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Decade-long fight over aerial tanker contract set to end

The Air Force is expected to award the $35-billion contract to either Boeing or Airbus parent EADS. No matter which company wins, it will be an economic boon for Southern California's aerospace industry.

February 23, 2011|By W.J. Hennigan, Los Angeles Times
  • An aerial tanker built by EADS North America refuels an F-16 fighter jet in midair.
An aerial tanker built by EADS North America refuels an F-16 fighter jet… (EADS North America )

One of the most hotly sought-after military contracts in U.S. history is expected to be issued Thursday, perhaps the finale in a scandal-ridden bureaucratic nightmare that has pitted two global aerospace titans in a high-stakes competition for a decade.

At issue is a $35-billion prize purse to replace the Air Force's fleet of Eisenhower administration-era aerial tankers, which refuel warplanes while in flight. The Pentagon has twice awarded the contract, only to see its decision overturned amid accusations of underhanded politics and discriminatory rule-making.

No matter which company wins — Boeing Co. or its archrival, Airbus parent European Aeronautic Defense & Space Co. — it will be an economic boon for Southern California's aerospace industry. Millions of payroll dollars are expected to pour in to help build the 179 flying fuel-carrying behemoths, even though the planes ultimately would be assembled elsewhere.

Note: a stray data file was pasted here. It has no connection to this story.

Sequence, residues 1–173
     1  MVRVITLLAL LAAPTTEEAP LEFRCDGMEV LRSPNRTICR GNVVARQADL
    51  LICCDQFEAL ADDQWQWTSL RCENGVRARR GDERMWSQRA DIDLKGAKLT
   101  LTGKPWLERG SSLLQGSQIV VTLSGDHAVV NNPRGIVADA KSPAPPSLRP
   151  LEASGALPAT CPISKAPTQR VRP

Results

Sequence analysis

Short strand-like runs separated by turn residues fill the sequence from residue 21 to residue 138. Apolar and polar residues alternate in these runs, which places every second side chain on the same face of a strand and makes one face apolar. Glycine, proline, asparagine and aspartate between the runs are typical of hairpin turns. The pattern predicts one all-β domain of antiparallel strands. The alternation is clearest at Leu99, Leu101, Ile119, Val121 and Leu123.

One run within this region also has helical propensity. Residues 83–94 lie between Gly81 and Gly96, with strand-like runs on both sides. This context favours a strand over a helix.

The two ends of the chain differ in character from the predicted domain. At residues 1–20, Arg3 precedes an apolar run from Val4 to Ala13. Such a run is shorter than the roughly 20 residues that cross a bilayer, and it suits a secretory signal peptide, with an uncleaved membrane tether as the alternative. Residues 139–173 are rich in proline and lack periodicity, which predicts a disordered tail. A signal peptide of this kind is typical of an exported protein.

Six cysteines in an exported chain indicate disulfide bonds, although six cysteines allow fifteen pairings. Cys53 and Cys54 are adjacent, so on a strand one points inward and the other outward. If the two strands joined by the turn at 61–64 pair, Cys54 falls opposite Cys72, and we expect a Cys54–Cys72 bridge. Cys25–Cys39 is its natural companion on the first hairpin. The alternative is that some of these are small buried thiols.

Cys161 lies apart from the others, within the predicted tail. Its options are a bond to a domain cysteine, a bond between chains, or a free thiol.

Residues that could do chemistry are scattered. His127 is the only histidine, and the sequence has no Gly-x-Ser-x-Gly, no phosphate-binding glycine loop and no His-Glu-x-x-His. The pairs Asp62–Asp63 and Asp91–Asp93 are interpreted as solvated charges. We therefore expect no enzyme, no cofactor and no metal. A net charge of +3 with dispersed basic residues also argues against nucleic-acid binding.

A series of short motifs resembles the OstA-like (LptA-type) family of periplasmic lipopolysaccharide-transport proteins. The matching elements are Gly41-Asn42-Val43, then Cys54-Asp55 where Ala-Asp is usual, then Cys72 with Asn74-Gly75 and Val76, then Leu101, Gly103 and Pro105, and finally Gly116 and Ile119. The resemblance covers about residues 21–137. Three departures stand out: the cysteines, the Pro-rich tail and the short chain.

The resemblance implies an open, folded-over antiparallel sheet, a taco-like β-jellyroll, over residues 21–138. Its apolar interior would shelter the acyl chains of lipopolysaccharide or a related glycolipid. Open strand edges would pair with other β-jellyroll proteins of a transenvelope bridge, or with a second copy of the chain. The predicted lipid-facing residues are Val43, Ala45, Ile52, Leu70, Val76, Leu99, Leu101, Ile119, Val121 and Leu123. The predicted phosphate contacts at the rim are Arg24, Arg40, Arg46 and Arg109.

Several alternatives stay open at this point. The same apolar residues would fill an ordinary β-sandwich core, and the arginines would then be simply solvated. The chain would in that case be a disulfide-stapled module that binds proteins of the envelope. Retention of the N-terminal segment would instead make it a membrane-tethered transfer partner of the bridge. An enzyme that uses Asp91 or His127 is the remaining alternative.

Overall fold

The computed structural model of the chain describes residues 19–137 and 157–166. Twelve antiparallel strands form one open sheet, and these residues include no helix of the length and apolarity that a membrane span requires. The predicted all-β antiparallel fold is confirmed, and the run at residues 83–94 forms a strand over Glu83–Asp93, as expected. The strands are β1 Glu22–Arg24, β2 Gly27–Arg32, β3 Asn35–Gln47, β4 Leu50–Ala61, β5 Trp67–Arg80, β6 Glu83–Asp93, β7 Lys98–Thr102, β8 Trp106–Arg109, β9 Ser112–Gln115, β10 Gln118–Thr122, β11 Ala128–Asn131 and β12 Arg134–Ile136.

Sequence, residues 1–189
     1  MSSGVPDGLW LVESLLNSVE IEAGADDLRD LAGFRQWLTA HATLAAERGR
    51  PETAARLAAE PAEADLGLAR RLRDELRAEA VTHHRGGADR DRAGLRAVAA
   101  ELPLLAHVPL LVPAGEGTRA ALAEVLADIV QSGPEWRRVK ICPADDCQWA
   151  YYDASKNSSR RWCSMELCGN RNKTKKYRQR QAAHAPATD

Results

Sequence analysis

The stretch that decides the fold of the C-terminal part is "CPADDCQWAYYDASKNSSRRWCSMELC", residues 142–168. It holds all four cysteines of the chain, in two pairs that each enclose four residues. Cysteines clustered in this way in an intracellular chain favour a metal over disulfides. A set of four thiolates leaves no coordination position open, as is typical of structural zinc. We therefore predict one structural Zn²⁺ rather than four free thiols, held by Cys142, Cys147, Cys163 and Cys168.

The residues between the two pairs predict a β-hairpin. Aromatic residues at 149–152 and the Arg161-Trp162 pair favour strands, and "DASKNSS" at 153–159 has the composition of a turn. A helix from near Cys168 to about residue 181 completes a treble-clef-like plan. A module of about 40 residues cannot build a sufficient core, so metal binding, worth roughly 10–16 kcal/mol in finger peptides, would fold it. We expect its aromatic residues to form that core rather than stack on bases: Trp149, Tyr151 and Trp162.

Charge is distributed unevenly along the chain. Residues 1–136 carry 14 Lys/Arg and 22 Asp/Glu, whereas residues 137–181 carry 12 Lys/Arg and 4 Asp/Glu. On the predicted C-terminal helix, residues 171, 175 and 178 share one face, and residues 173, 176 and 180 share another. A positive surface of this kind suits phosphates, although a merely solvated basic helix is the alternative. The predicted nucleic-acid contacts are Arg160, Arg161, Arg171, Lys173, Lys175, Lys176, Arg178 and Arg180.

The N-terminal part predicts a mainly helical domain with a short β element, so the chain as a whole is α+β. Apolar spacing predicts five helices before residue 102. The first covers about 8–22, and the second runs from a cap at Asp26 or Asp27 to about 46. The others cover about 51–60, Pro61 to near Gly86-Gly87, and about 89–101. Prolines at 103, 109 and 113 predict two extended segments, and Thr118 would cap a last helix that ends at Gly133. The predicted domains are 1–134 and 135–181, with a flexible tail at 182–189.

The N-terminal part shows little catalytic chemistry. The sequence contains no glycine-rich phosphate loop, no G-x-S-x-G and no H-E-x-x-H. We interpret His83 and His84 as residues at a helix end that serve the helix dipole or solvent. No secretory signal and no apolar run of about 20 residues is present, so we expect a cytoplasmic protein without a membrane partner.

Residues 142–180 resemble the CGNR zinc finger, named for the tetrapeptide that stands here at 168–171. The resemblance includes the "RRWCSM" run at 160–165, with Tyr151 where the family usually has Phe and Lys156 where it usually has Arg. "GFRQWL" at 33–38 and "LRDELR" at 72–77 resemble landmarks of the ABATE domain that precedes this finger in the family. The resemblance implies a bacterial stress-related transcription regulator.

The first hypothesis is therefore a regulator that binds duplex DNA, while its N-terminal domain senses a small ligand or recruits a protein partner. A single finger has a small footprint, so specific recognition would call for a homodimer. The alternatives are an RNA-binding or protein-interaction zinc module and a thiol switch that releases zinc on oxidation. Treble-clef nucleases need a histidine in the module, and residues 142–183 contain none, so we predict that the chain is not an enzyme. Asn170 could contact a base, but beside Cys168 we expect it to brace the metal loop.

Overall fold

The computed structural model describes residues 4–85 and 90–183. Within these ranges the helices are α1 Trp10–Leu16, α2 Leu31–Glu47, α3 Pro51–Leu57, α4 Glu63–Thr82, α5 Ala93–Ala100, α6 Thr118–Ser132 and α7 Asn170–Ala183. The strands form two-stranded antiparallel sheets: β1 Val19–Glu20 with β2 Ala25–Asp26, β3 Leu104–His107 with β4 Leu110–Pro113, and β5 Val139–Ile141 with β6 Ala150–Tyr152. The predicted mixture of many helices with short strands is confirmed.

Follow-on tanker contracts could involve building 300 to 400 additional tankers valued at more than $100 billion over several decades, analysts said.

Chicago-based Boeing said if it won the competition, it would mean 4,500 jobs and $233 million for California. European Aeronautic Defense & Space's unit, dubbed EADS North America, said its bid would mean about 5,200 jobs for around 40 companies in the state.

"One way or another, there's a lot of money coming through California when this contract is handed out," said Loren Thompson, defense policy analyst for the Lexington Institute in Arlington, Va. "A very large portion of the contract will be given to sub-tier contractors who make engines, electronics and landing gear for the aircraft."

The decision has national implications and strong political overtones. Both companies have boisterous contingents in the halls of Congress pushing for one side or the other because of the huge number of jobs at stake nationwide. For example, if Boeing wins, the bulk of assembly work would be done in the Seattle area. EADS has plans for an aircraft production plant in Mobile, Ala.

But much of the work is slated for California, with airplane parts being manufactured across the Southland. Take Parker Aerospace in Irvine. It's set to be a supplier on either EADS North America's offering of a modified Airbus A330 passenger jet or Boeing's contender, which is based on its 767 airliner.